Psychotherapists in the College for Sexual and Relationship Psychotherapy are trained and accredited to work with all aspects of human sexuality and gender issues.
Members in this College believe in healthy and satisfying relationships. They work with both individual and couples and are able to help with a wide range of problems including difficulties with emotional communication. They can also help with relationship breakdown and facilitate the way forward when a relationship is not working.
Sexual and relationship psychotherapists mostly rely on ways of working that are relationship-based and involve experience or observation to resolve problems. The psychotherapeutic technique(s) that they use may vary from therapist to therapist but might include systemic, humanistic, existential and psychodynamic approaches and the application of attachment based theory. The therapist may also use cognitive and behavioural elements to enable their client(s) to change unhelpful thoughts and beliefs about their problem(s).
College members must know about the anatomy and physiology of sexuality. They must also know about the impact of drugs, illness and surgery on human sexuality and relating. Sometimes the psychotherapy may include sexual and psychological education.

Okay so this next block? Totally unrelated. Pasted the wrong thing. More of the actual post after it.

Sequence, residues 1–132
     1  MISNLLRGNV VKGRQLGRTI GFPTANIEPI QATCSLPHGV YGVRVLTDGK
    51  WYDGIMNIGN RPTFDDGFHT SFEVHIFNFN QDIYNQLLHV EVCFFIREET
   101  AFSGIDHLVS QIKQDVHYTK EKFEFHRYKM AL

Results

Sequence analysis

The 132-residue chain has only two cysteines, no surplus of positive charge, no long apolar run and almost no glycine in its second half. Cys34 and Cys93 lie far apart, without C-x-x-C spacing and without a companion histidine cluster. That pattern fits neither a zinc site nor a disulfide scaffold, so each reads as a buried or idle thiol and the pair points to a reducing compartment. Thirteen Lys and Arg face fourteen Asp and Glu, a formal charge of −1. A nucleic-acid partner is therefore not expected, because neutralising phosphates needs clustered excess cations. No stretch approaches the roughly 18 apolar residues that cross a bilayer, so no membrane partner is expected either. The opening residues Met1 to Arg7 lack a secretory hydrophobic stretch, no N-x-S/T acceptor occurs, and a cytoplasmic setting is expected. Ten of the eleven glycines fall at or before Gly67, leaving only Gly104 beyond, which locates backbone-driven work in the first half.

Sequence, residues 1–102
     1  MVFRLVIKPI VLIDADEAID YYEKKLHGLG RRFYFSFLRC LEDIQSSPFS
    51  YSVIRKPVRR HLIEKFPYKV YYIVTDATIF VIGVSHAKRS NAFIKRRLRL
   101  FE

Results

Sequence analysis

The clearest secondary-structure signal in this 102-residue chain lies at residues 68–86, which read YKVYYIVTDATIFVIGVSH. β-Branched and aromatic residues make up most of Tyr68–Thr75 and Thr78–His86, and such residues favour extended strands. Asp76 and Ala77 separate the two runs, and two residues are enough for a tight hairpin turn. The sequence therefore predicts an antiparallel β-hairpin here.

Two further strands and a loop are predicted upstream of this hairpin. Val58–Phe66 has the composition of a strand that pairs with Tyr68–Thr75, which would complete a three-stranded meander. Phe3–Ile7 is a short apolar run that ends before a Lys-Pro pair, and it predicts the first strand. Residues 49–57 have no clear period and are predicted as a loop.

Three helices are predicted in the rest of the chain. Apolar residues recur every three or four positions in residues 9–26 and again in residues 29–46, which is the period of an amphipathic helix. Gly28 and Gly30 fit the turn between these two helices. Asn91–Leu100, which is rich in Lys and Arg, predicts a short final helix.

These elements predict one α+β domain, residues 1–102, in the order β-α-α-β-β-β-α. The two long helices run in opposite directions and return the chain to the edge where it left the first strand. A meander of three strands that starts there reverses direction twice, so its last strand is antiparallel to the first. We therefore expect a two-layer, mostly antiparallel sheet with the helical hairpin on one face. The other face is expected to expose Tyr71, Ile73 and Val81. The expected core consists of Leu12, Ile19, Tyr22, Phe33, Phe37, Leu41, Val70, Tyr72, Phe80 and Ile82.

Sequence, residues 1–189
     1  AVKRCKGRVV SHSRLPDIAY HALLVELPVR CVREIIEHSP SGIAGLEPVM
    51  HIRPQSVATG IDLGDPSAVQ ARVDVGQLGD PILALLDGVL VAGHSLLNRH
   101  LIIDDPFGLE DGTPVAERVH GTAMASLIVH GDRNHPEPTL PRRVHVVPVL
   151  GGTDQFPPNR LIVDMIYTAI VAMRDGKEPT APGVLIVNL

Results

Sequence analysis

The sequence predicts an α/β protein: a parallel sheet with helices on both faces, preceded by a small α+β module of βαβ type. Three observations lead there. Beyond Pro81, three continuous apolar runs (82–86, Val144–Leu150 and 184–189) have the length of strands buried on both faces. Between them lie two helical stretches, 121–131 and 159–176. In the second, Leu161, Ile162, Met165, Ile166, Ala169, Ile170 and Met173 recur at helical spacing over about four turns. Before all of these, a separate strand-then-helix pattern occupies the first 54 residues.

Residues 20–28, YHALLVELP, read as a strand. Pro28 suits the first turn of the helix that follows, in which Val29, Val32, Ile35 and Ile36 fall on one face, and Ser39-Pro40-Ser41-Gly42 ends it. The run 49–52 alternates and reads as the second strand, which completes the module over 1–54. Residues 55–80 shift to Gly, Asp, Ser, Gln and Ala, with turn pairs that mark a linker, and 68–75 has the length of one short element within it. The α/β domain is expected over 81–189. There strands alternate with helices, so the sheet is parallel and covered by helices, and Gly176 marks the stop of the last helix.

The College requires that its members adhere to its Code of the Ethical Principles for Good Practice of Sexual and Relationship Psychotherapy in all aspects of their work wherever they practise. These ethical principles were established to underpin and guide members’ work as well as inform and protect all those who use their services.
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Standards of Education and Training
You can read about the standards of education and training for the College for Sexual and Relationship Psychotherapy on our standards, guidance and policies page.
Accrediting organisation(s) in this college
Organisations that accredit those who may not have trained with UKCP.